On April 18th, I spent an afternoon working with several young men at the Rogue Valley Youth Correctional Facility, which is located in Grants Pass. The facility is dedicated to housing and rehabilitating males (who are charged with criminal offenses between the ages of 12-18). The trained staff fully recognizes the importance of interaction between the offenders in custody with their family and members of the local community to create a new direction in their young lives. The idea of planting and tending a medicinal herb garden to foster a positive change was the first step in collaboration between Sherri Harmon, correctional staff employee, and Herb Pharm.
After disclosure of herb seeds, seedlings, organic fertilizer, and personal items, I was admitted into the facility, where I met the group of young men eager to learn about gardening. The plants glowed with vibrancy and life amongst the white walls, metal doors, and concrete. I had begun to capture their attention as we tasted the bitter Artichoke leaves and chewed slowly on Echinacea seed. We talked about the gentle nature of Catnip tea, extracting resinous Calendula flowers, and other examples of plants for medicinal use. After that basic primer on the medicine of herbs, and more in soil biology and seed propagation, it was time to get our hands in the dirt. The boys began turning new soil, adding compost and mixing potting soil in their small greenhouse. We planted Mullein, Echinacea, Feverfew, and Lavender along the concrete edges of the courtyard, planted the seeds of cilantro and peppers for food as medicine, and transplanted many other herbs and seeds into containers. I sensed the excitement in the group towards the future tending of this new garden and recognized the opportunity to learn new concepts and skills for each of them. Our accomplishment ended with high-fives and handshakes, as I passed the daily commitment of watering, weeding, and harvesting onto the group and vowed to return in a few weeks to see how the garden was growing.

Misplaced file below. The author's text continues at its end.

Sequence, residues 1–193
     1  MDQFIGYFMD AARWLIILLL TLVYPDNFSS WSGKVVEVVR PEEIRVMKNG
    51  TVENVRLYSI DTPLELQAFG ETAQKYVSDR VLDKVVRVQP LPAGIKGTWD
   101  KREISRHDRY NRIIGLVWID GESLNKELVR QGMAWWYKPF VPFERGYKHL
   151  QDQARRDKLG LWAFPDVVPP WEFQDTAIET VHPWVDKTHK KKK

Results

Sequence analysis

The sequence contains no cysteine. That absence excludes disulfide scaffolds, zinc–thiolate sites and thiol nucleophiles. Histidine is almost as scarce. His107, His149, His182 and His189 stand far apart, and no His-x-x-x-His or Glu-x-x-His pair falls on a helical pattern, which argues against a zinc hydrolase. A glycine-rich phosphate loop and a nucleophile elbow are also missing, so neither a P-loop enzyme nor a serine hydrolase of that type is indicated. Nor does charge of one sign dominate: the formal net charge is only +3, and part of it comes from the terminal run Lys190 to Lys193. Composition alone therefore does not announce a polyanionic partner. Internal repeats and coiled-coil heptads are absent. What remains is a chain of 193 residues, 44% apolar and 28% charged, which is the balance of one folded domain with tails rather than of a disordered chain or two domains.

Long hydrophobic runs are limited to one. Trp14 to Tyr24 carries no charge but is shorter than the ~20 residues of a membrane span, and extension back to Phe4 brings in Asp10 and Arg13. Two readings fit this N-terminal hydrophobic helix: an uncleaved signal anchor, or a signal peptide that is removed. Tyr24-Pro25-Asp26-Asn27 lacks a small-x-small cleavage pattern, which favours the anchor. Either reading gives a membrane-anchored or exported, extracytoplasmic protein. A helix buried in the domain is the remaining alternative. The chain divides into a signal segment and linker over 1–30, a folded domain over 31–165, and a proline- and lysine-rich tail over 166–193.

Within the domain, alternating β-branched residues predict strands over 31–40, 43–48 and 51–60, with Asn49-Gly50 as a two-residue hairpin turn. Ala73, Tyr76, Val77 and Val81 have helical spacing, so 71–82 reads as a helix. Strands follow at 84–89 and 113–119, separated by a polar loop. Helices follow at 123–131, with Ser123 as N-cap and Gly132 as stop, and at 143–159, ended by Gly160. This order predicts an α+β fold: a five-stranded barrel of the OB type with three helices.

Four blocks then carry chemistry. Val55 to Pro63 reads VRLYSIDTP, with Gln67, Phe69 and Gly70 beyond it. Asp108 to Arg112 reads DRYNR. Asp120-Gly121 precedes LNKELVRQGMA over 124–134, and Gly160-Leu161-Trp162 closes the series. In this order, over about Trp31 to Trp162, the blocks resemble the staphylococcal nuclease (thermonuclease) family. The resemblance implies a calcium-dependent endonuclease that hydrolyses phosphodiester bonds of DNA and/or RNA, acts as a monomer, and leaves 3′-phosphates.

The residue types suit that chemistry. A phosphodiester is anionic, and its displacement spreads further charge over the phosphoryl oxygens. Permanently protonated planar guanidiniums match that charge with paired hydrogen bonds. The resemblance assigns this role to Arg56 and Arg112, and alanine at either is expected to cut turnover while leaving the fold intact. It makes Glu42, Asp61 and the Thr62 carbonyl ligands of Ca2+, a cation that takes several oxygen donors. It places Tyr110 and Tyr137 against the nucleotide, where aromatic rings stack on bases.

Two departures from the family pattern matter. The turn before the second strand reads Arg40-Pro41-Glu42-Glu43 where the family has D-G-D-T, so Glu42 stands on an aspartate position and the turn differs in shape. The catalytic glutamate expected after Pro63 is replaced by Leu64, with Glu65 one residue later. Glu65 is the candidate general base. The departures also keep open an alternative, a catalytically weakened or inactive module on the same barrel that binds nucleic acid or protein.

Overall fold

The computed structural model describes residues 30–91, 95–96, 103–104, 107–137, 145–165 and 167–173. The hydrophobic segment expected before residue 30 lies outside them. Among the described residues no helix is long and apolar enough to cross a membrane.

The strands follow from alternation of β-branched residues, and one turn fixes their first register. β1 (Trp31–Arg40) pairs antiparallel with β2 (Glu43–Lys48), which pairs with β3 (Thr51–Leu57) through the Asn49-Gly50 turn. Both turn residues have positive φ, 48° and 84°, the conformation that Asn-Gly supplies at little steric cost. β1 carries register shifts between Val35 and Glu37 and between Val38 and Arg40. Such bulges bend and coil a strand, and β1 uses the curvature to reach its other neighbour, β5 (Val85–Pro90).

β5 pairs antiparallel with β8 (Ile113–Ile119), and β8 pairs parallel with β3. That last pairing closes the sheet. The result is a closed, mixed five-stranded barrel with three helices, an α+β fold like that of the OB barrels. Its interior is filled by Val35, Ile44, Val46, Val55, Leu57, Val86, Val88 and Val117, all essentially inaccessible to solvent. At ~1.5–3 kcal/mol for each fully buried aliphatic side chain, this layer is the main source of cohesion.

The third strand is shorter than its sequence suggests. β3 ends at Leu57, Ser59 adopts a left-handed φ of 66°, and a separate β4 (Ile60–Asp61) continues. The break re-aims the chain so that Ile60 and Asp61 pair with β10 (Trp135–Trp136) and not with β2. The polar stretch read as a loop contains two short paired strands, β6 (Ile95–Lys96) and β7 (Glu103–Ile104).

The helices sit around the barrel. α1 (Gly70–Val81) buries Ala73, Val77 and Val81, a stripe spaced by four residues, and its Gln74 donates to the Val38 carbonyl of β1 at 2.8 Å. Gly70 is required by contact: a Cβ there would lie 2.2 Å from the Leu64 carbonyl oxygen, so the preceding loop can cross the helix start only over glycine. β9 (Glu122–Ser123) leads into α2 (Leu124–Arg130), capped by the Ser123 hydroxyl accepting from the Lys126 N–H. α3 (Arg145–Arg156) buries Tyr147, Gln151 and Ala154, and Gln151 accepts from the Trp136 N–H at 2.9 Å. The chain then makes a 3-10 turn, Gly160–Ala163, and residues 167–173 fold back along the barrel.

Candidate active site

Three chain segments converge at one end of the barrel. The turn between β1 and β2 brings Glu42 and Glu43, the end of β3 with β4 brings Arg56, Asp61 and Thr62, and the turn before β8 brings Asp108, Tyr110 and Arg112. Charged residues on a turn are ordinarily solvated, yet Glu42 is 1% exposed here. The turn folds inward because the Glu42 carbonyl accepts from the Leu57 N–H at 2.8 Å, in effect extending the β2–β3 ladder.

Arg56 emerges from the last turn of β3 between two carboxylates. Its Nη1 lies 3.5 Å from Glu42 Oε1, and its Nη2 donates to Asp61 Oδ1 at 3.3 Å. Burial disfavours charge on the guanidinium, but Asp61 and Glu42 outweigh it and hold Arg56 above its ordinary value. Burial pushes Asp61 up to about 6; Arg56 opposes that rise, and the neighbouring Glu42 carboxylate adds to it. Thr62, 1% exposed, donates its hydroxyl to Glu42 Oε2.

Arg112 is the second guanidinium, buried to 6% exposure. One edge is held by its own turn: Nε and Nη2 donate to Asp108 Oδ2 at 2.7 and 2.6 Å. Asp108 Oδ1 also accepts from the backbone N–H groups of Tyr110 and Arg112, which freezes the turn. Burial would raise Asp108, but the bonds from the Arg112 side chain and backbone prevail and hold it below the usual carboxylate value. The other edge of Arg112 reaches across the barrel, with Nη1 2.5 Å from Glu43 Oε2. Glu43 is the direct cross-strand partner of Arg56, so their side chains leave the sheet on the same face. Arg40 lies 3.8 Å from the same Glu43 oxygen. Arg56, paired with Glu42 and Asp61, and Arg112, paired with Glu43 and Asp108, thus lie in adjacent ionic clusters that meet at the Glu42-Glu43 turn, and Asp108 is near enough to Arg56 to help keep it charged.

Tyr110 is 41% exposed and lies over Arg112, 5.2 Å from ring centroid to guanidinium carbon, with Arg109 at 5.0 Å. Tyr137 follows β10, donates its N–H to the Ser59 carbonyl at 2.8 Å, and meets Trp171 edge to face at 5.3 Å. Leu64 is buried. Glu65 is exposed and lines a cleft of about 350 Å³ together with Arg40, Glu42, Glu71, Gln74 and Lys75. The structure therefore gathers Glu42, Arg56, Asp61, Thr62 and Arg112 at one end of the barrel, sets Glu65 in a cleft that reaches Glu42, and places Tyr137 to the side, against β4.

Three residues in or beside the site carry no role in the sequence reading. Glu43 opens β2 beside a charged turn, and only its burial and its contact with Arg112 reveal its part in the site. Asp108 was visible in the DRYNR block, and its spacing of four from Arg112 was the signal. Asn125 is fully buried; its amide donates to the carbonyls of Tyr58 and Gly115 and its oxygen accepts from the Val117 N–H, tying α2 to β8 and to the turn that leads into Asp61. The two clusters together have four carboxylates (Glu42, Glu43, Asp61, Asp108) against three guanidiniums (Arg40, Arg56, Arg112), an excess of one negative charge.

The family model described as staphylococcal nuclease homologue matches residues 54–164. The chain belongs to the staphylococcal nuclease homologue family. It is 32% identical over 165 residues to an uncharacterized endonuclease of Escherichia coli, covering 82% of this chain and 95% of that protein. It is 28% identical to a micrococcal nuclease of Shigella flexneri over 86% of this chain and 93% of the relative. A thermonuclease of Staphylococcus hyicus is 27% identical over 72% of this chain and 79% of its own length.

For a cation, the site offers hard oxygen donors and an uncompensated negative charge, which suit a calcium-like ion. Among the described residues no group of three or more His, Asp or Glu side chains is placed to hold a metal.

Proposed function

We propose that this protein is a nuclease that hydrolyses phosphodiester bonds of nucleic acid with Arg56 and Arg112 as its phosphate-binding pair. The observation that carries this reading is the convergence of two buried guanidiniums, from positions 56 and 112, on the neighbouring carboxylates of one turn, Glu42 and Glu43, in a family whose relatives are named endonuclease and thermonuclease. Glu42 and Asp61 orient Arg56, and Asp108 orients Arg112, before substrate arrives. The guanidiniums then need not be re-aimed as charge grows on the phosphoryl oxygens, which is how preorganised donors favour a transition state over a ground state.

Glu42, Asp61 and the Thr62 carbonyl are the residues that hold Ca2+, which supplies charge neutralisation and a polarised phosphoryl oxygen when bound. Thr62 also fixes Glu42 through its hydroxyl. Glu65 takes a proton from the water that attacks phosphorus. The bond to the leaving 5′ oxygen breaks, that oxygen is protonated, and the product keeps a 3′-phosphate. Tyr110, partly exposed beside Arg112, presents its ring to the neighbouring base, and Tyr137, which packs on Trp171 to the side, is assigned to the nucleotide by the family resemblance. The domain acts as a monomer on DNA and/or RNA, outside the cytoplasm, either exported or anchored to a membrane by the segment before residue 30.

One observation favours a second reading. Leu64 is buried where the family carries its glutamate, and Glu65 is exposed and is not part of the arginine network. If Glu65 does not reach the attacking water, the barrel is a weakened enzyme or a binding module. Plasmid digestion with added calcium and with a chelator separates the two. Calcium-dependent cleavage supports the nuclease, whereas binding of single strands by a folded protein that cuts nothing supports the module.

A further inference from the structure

So, as our culture re-discovers the power of herbal plant healing, people are not just grabbing tinctures and teas for acutely treating bruises, colds and headaches. We are realizing the potential benefits that plants offer on deeper level. Many common herbs offer us a broad, safe path to social, mental, physical, and environmental wellness. For these young men, my hope is that through learning to grow and use medicinal plants, it will help expose new skills towards a better understanding of themselves and their impact on the broader community.
Originally Published in June 2012